“The fact that I haven’t seen growth in my business this year means I’m probably doing OK, since it hasn’t declined,” he said.
Developing a niche
In order to stand out among the rest, some home inspectors have developed a niche in the industry by offering something above and beyond the standard inspection. For Stockmann, that niche is energy audits.
“Not many inspectors report on energy efficiency along with the standard home inspection,” he said.
Stockmann, who used to build custom homes, is one of two people in the state licensed to rate homes based on their overall energy efficiency. As such, he stood out to Suzanne Blais, who is producing the reality TV show called The Greenest House.
The show pits two families against each other to see who can reduce their carbon footprint the most in three months. One of the factors that the show will examine is the efficiency of each home, and in order to better understand each home, Blais brought in Stockmann to do a baseline energy audit and a follow-up audit of each house.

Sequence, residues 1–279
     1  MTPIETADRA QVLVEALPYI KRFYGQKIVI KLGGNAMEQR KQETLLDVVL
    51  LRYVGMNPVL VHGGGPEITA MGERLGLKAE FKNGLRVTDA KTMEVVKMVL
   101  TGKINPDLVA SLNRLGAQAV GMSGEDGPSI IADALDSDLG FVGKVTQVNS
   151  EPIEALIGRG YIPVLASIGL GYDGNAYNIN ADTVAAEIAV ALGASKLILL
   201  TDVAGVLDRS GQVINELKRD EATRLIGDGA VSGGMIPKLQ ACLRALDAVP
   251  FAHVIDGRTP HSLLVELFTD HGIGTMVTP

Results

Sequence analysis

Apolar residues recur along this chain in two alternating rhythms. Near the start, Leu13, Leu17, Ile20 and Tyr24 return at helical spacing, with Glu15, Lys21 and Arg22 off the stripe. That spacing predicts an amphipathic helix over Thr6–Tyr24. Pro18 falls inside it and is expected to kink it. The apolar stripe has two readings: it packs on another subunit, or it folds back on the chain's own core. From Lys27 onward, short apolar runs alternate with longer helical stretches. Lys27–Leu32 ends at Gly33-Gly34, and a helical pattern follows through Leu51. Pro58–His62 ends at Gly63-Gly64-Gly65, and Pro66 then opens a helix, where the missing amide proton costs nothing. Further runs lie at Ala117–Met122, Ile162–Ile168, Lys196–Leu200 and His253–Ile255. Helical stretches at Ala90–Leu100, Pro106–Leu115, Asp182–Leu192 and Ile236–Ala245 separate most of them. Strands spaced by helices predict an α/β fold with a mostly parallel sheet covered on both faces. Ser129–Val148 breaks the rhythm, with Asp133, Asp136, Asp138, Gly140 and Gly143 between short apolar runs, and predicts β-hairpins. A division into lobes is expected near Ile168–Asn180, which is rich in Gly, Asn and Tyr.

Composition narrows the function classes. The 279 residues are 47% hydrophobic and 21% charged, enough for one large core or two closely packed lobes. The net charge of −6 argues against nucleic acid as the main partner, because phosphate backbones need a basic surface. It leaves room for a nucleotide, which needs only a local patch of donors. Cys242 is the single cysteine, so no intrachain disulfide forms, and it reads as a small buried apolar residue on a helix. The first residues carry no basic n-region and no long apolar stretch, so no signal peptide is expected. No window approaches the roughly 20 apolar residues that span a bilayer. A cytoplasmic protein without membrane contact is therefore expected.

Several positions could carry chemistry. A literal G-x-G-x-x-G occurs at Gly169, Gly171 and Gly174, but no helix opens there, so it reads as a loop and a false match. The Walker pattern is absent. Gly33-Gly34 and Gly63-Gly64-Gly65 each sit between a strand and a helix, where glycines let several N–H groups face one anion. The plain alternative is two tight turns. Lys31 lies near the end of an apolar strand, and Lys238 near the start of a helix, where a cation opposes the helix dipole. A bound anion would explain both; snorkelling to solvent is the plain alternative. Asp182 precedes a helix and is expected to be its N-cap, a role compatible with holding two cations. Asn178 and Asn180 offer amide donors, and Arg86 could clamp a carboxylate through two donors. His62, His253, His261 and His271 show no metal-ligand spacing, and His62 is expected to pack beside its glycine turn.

“He can give you a sense of your whole house as a system,” Blais said of Stockmann. “He’s on the cutting edge. We are so lucky to have him in our community.”
The whole process takes about four hours of onsite testing and data collecting, Stockmann said. He then takes that data home and plugs it into a computer program that helps determine the final energy-efficiency rating.
After determining the rating, Stockmann said most clients choose to make green upgrades to the systems in their house.
“I talked to a previous client the other day with a 1980s style home,” he said. “They made the improvements and they’re now saving 50 percent on their energy and the house is more comfortable.”